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Health foods website examines heart-friendly attributes of Mediterranean diet

Thu, 7 Jun 2012 11:00:00 EST

Health foods information website HealthFoodBenefits.com has released an article that attempts to evaluate and explain the beneficial qualities of the so-called Mediterranean diet and how it may help benefit the heart.  The website came up with this article on the Mediterranean diet in response to a flurry of queries from its readers looking for guidance on how to eat responsibly and help preserve cardiovascular health for a long time.
 
'It seems a lot of our visitors are quite concerned about how their current diet may be affecting the long-term health of their heart.' said Edwin Bartolome, managing director of the site.  'They have consequently sought some guidance on how their diet might be revised to include items that are not harmful and even complementary to their cardiovascular health'.
 
Bartolome said that the Mediterranean diet caught their attention after looking at figures from the World Health Organization (WHO) and other similar institutions that showed countries bordering the Mediterranean Sea have registered low incidences of acute coronary conditions and other ailments compared to their counterparts in other countries.  He cited a 1994 study by a group led by H. Toshima evaluating seven countries on all-cause mortality that showed populations in Italy and Greece registering the lowest such incidences while also recording the highest life expectancies as compared to their counterparts in Finland, the United States, Japan, Croatia, Serbia and the Netherlands. 
 
Another study led by DB Panagiotakos in 2002 found that the adoption of the Mediterranean diet was associated with a 23% reduction in the risk of developing a first event of acute coronary syndrome from among a sample of men in several Greek regions.
 
The scientists attributed the results to the nutritional habits of the respondents and to the content of saturated fatty acids and antioxidant flavonoids in their diet.
 
'The Mediterranean diet is characterized by a high consumption of fruits such as tomatoes, apples, grapes, and dates; vegetables such as onions, lentils, and eggplants; cereals; seeds and olive oil; and accompanied by low to moderate intake of meat, fish, eggs and dairy products.  The meals are typically washed down by low to moderate amounts of red wine', said Roy Ian Montoya, head of web development at the health foods site.
 
'It thus seems to indicate that this combination of foods, when taken for long periods of time, may indeed contribute to lower incidences of heart diseases and longer life expectancy rates.', Montoya added.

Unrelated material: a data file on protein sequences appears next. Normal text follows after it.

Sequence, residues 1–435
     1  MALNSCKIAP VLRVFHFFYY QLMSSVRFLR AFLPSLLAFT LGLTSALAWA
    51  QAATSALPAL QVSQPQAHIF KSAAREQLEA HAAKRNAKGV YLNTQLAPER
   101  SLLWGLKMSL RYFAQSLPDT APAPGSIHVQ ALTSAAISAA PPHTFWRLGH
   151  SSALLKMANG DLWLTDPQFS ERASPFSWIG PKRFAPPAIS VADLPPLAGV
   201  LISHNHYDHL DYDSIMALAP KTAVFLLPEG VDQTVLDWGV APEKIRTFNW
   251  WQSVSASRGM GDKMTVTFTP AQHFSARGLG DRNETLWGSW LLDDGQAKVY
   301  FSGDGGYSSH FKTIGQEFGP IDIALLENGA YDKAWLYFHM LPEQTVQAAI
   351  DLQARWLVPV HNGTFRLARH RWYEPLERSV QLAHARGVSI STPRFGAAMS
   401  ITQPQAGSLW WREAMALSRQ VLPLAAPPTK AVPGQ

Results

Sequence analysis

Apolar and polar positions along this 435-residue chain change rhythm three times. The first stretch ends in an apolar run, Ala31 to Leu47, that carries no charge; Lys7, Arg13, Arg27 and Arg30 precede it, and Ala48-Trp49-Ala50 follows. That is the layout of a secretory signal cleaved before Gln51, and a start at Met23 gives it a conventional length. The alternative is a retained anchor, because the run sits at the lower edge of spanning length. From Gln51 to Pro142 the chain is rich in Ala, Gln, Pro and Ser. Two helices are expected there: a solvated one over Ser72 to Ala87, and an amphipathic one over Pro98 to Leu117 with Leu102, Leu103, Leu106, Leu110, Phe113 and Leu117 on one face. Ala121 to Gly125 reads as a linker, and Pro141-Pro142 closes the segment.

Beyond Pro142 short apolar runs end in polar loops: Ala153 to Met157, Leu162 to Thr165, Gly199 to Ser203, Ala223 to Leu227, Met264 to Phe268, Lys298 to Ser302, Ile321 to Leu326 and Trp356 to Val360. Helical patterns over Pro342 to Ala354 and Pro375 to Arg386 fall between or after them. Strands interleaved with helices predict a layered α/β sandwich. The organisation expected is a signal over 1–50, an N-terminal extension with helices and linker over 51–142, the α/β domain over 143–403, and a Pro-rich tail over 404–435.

'The benefits of tomatoes, for example, are largely traced to their content of the antioxidant lycopene which helps in strengthening the immune system and helps combat free radicals in the body.  The olive oil benefits, on the other hand, are concentrated on the good cholesterol-boosting abilities of its monounsaturated fat content', said Bartolome.
 
He adds that the red wine and grapes seem to complete the picture with their abundant resveratrol benefits that help in scavenging free radicals and inhibiting the oxidation of the low density lipoprotein or the so-called 'bad cholesterol'.
 
But they hasten to add that the low incidences of heart and cardiovascular ailments in the region may not be entirely attributable to the Mediterranean diet alone but also to the effects of the larger scope of the Mediterranean lifestyle.  This lifestyle also happens to include regular physical activities required by the need for mobility in a generally mountainous, rocky and hilly terrain.
 
'It does look like the physical attributes of the Italian and Greek islands in the Mediterranean region, along with the crops and natural produce that abound in them, seem to have created the perfectly optimal conditions for their inhabitants to attain and achieve these enviable life expectancy and cardiovascular health rates.' Bartolome added.

Established in 2009, the health foods site was conceptualized in reaction to the increasing use of the internet for obtaining information on natural ways to maintain well-being and to prevent, avoid, and maybe, cure certain ailments.
 
The website plans to constantly add more useful content to its ever-increasing selection of health foods and food nutrients.  'Our ultimate aim is to give our site visitors highly relevant, complete and concise information on the health benefits of foods in terms and words that are easily understandable.' concluded Montoya.  


Source: WebWire



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